I have always been interested in text processing systems. This is probably rooted in the time that I discovered computing and programming. At that time the state of the art was ROFF (T)ROFF and a whole family of plain text processing engines that produced nicely formatted output.
With the advent of word processing applications the emphasis moved away from plain test precessing systems to more sophisticated systems involving opaque binary formats. More recently the use of binary formats has fallen out of favor and many word processing systems now provide a level of interoperability with other systems though more open document formats.
A notable exception has been in the evolving popularity of Wiki – online collaborative web sites where the content is entered in plain text with formatting instructions included in the text. Over time these formats have evolved into a sophisticated mark up language in their own right.
One of the things I find challenging about word processing systems is their lack of features that allow for collaborative writing. Many documents these days are produced by a team of people and in these situations editing a document means someone driving the process, distributing updated version of the document and incorporating changes into a master copy. Often these documents are distributed by email and the filename used to distinguish versions. This approach means that a lot of time is spent updating and merging.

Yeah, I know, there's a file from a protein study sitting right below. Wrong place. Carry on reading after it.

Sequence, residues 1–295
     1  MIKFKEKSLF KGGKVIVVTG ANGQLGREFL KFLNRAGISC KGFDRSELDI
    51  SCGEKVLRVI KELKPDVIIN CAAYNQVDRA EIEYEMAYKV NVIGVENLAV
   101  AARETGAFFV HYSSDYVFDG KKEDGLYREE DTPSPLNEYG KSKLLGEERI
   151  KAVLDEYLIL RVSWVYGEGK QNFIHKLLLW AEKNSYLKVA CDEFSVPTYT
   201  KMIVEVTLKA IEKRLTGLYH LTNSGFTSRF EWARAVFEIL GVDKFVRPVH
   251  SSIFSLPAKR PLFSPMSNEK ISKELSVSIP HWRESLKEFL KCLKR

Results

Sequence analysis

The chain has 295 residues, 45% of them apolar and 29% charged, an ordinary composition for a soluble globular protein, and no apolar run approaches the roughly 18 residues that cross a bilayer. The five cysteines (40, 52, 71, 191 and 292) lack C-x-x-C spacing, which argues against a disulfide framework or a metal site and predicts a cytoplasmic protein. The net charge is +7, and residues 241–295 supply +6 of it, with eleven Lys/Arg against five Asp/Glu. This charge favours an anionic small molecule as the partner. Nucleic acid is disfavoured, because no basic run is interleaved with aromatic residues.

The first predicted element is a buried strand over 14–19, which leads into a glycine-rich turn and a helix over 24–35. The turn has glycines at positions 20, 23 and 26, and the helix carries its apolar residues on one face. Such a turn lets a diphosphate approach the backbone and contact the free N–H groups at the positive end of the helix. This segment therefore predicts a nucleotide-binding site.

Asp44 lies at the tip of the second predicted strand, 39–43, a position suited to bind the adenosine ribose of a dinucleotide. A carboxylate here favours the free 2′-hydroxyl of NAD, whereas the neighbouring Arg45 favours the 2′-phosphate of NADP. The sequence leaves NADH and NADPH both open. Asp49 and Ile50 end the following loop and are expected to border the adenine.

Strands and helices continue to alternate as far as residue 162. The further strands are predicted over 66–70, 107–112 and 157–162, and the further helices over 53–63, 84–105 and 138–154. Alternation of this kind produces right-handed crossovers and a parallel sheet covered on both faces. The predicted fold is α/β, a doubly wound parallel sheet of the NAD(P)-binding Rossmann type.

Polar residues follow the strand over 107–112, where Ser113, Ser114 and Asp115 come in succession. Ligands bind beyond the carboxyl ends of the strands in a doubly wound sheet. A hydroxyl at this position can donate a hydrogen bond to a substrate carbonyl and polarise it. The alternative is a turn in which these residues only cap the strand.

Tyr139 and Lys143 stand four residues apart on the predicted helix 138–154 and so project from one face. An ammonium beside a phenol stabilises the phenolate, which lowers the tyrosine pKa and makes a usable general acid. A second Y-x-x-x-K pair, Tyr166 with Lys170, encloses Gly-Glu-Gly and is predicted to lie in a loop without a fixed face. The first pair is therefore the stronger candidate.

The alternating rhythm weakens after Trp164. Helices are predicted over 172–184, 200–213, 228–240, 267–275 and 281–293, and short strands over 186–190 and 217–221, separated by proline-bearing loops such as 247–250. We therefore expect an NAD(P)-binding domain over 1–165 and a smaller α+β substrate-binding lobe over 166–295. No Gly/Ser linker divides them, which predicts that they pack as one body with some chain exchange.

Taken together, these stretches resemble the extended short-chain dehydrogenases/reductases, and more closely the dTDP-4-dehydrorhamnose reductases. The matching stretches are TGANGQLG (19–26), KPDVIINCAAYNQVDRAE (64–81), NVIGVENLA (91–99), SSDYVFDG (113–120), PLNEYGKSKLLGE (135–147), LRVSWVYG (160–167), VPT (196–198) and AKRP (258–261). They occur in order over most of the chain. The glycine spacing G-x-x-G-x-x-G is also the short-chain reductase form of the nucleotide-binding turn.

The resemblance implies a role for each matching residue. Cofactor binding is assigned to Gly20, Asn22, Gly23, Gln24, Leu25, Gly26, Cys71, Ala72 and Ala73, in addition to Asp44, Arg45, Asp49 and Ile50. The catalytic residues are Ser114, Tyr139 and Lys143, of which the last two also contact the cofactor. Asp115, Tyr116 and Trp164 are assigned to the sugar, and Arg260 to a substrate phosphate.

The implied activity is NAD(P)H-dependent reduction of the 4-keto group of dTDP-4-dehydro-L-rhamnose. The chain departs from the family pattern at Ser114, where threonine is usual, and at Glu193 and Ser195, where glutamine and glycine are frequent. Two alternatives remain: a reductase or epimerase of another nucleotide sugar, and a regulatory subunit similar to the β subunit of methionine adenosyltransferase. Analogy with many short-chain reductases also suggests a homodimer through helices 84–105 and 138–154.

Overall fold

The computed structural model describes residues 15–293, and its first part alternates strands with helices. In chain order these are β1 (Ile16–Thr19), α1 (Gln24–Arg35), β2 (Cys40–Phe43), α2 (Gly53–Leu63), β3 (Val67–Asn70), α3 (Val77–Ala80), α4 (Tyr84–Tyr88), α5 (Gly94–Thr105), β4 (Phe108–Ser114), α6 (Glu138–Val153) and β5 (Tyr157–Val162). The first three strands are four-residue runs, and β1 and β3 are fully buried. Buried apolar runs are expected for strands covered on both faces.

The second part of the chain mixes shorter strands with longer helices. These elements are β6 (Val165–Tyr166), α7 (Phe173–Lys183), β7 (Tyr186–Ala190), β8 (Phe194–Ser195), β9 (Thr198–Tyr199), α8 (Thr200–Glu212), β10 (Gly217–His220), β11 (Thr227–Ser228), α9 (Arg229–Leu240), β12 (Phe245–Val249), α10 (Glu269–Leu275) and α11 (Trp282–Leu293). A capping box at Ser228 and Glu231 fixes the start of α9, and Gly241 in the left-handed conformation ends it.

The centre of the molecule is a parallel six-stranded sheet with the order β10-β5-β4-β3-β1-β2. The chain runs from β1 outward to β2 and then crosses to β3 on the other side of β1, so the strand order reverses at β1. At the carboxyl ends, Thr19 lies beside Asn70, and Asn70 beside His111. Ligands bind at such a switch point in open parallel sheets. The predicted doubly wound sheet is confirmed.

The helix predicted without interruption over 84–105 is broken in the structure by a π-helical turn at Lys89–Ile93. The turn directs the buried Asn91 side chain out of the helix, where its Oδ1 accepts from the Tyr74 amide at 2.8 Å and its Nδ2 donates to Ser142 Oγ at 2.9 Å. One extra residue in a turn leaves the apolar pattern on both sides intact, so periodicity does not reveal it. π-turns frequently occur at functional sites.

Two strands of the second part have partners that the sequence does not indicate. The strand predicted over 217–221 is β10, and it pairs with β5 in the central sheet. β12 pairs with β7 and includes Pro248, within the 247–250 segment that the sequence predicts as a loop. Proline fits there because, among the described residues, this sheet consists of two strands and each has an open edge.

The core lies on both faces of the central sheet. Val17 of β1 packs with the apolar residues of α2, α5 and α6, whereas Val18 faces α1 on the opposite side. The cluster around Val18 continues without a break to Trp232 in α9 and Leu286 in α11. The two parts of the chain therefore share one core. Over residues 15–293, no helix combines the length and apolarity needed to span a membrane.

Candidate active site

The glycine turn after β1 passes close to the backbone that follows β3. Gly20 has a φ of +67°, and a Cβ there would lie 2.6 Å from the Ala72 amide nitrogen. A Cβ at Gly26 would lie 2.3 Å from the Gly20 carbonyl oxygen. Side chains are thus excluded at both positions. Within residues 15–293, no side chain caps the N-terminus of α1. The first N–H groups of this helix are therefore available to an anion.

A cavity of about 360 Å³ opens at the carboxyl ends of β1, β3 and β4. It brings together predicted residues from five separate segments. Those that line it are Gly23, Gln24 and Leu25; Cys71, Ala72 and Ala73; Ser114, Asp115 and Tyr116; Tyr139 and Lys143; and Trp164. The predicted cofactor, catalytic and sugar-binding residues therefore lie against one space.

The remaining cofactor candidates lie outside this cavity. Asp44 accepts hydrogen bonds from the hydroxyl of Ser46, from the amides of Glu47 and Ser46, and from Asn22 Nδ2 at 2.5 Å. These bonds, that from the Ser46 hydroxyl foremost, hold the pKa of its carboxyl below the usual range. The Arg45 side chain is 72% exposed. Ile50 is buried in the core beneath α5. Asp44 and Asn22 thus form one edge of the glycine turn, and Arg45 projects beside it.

Git Scribe takes a different view. It uses asciidoc formatted text in one or more source files and produces documents in various formats using different back-end processors. In this approach the document source (plain) text can be managed using version control more easily. Changes can be merged together easily. What you lack in fine grained formatting control you gain in improved collaborative document development and more optimal work-flow.